In an attempt to discipline myself for the forthcoming election season, I’ve been trying out a social media strategy in which I allow myself just one Facebook argument per day. It must be contained to the comments of a single post, concern only one topic, and address just one other person. These rigid guidelines not only make choosing the right battle feel crucial, they’re also better for my blood pressure. (I’ve learned I am not good at not arguing.)
This has not been an easy week for my new protocol.
“RuPaul did this in the early ’90s,” read one of hundreds of posts that I scrolled through on Facebook related to the recent coming out of transgender celebrity Caitlyn Jenner. “He didn’t have a huge press release, and nobody really cared all that much.”
There was so much to correct. Could this be the one?
Or would I better reserve my commentary for another post I came across, emblazoned with a dumb meme and bubbling with outrage that Caitlyn Jenner was awarded ESPN’s Arthur Ashe Courage Award over “runner-up” Army veteran, athlete, and double amputee Noah Galloway. (Spoiler: There was no “runner-up.”).
Maybe I should go with one of the handful I saw about the “non-story” of Jenner “deciding” to be a woman. With so many threads knotting so quickly into impossible misunderstandings of the Caitlyn Jenner Moment and its significance, it was hard to know where to begin.
I ended up sticking with the RuPaul guy. And while it took several exhausting and ultimately unsuccessful attempts to convince him that RuPaul is a drag queen (and not a transgender woman, that there is a difference, and so on and so forth), I felt like my daily bickering ration had been well spent. Despite its sleek multiplatform packaging, shrewd marketing, and carefully controlled timing — or perhaps because of them — there’s still so much to be misunderstood about the significance of the Caitlyn Jenner Moment.
Part of this is because it’s Caitlyn Jenner’s moment.
It’s hard to underestimate the benefit that Jenner’s new visibility as her true self brings to trans people living in a world where their stories are seldom represented correctly, fairly, or even at all. But just as the “reality” of Jenner’s role on TV (soon to be more fully realized in E!’s forthcoming “I Am Cait”) isn’t easily mistaken by most of us for reality, nor should her new role as a representative for trans people be taken as representative of trans experience.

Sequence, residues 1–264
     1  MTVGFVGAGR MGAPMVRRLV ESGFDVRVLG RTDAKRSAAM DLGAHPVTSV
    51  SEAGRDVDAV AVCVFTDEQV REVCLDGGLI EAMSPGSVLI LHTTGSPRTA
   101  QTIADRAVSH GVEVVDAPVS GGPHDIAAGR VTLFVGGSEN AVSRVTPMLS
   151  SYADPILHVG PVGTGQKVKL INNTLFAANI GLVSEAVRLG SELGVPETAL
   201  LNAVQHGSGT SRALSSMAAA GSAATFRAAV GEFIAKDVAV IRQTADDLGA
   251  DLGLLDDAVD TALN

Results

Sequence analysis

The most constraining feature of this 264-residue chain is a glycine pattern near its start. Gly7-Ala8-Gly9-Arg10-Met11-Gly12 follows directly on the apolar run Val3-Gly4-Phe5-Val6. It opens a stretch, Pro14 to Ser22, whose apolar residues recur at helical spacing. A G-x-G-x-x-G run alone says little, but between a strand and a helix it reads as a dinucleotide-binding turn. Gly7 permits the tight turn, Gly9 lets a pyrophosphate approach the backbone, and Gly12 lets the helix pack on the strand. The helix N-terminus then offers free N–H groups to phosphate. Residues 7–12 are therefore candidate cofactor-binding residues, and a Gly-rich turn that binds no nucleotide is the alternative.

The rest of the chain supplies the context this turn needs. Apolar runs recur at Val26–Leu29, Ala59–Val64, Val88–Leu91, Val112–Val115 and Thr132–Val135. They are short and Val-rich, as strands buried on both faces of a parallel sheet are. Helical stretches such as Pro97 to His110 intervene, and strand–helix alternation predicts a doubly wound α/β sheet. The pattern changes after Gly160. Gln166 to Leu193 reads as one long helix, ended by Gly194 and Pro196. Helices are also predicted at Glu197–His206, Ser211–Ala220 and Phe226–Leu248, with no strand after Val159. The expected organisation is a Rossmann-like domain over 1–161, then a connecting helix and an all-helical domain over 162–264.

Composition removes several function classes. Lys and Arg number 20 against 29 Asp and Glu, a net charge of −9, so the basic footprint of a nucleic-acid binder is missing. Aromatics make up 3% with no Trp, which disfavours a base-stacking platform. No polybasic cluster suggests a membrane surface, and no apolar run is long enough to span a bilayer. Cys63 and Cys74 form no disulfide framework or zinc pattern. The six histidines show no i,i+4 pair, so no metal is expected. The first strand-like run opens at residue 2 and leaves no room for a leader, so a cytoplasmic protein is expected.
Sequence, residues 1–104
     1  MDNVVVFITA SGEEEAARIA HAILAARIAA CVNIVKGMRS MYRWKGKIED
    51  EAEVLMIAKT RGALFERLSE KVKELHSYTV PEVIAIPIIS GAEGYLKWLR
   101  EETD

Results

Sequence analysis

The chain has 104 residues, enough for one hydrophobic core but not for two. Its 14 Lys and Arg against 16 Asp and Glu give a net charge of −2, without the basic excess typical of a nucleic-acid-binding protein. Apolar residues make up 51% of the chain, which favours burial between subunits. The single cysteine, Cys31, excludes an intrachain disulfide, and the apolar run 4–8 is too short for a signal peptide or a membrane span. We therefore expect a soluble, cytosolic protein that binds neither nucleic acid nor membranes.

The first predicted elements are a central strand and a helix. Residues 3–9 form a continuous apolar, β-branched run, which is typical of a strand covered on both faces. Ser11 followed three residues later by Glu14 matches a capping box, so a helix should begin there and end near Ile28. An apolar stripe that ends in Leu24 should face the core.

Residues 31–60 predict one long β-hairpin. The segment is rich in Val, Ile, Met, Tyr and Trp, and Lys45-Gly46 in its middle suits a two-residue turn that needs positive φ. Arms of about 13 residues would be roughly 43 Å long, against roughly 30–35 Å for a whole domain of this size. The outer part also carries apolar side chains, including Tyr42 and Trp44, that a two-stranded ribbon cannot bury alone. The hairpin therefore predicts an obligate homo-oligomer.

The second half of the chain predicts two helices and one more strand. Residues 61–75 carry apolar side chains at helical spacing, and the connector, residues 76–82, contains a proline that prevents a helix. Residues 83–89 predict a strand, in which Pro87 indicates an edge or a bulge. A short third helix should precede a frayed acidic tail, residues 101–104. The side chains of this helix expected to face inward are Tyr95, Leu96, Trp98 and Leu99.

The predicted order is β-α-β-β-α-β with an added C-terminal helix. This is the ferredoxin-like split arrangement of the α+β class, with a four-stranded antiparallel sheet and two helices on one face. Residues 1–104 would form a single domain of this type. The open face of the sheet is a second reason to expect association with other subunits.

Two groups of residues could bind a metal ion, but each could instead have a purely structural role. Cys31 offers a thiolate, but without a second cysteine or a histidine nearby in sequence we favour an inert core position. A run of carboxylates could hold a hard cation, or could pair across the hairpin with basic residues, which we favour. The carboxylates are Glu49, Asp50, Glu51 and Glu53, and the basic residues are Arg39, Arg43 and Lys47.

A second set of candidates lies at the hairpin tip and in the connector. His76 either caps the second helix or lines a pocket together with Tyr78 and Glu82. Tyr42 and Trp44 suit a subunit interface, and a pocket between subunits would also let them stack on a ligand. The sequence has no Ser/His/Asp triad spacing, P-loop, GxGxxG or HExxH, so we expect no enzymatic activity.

The sheer distance Jenner had to cover to get from life at one end of the spectrum of gender identity to the other is the source of her story’s social and poetic power: A trial of endurance and strength, followed by an emergence as a champion — Caitlyn’s experience feels like a metaphorical echo of Bruce’s Olympic legend. And the camera-readiness of Jenner’s narrative isn’t just because of the cameras already rolling; there’s a vastness between the Wheaties box and the cover of Vanity Fair that makes her journey intrinsically compelling.
It’s inspiring to watch Jenner take the reins of her own media destiny, but it bears little resemblance to the level of control trans people (especially trans women of color) enjoy over their own lives. The National Transgender Discrimination Survey, which polled more than 6,000 respondents, found transgender people face double the rate of unemployment, with 90 percent reporting harassment or discrimination on the job and 47 percent reporting suspicions that they were “fired, not hired, or denied a promotion” for being transgender. Transgender people also face high rates of violence and suicide, as well as less access to health care and housing.
The Jenner narrative subtly reinforces a notion of agency that many transgender people routinely struggle to attain. (While celebrating Jenner’s glamorous Vanity Fair cover, “Orange Is the New Black” actress Laverne Cox and “Redefining Realness” writer Janet Mock wrote social media posts that emphasized the importance of, as Cox put it, “lift[ing] up the stories of those most at risk.”
The tight focus of the spotlight leaves out a lot. Just as Jenner’s heightened visibility could blind many to the most daunting complexities of trans life, it could also obscure something simple and potentially more useful to our understanding of gender than any one story: that gender is fluid.
Following the Vanity Fair cover’s appearance, Jon Stewart emphasized the hard shift in our perception of Jenner in a swiftly viral clip that skewered the media for obsessing over Jenner’s looks: “It’s really heartening to see that everyone is willing to not only accept Caitlyn Jenner as a woman,” he said, “but to waste no time in treating her like a woman.”
The grand arc of Jenner’s transition from Bruce to Caitlyn is what gives her story such sweeping mainstream-ready momentum. But it also spans the sprawling in-between that too often gets forgotten in favor of rigid, binary understandings of gender. Rather than presenting gender as a continuum of possibilities without fixed points that we all situate ourselves within, we tend to accept more rudimentary this-or-that reductions: man/woman, before/after, hot/not. A more nuanced understanding of gender’s uncertain terrain would make it easier for everyone to navigate, with fewer of us getting lost along the way.
As we rightly praise her bravery for coming forward, and as we watch the inevitable tide of advances that attend such shifts in visibility (with shows like Amazon’s “Transparent,” Fuse’s “Transcendent,” ABC Family’s “Becoming Us,” and others sustaining the mainstream push), it’s important that we take Jenner’s story less as a symbol than a reminder. Despite what has changed, we can see her how we’ve always seen her: Exceptional.Michael Andor Brodeur can be reached at firstname.lastname@example.org. Follow him on Twitter @MBrodeur.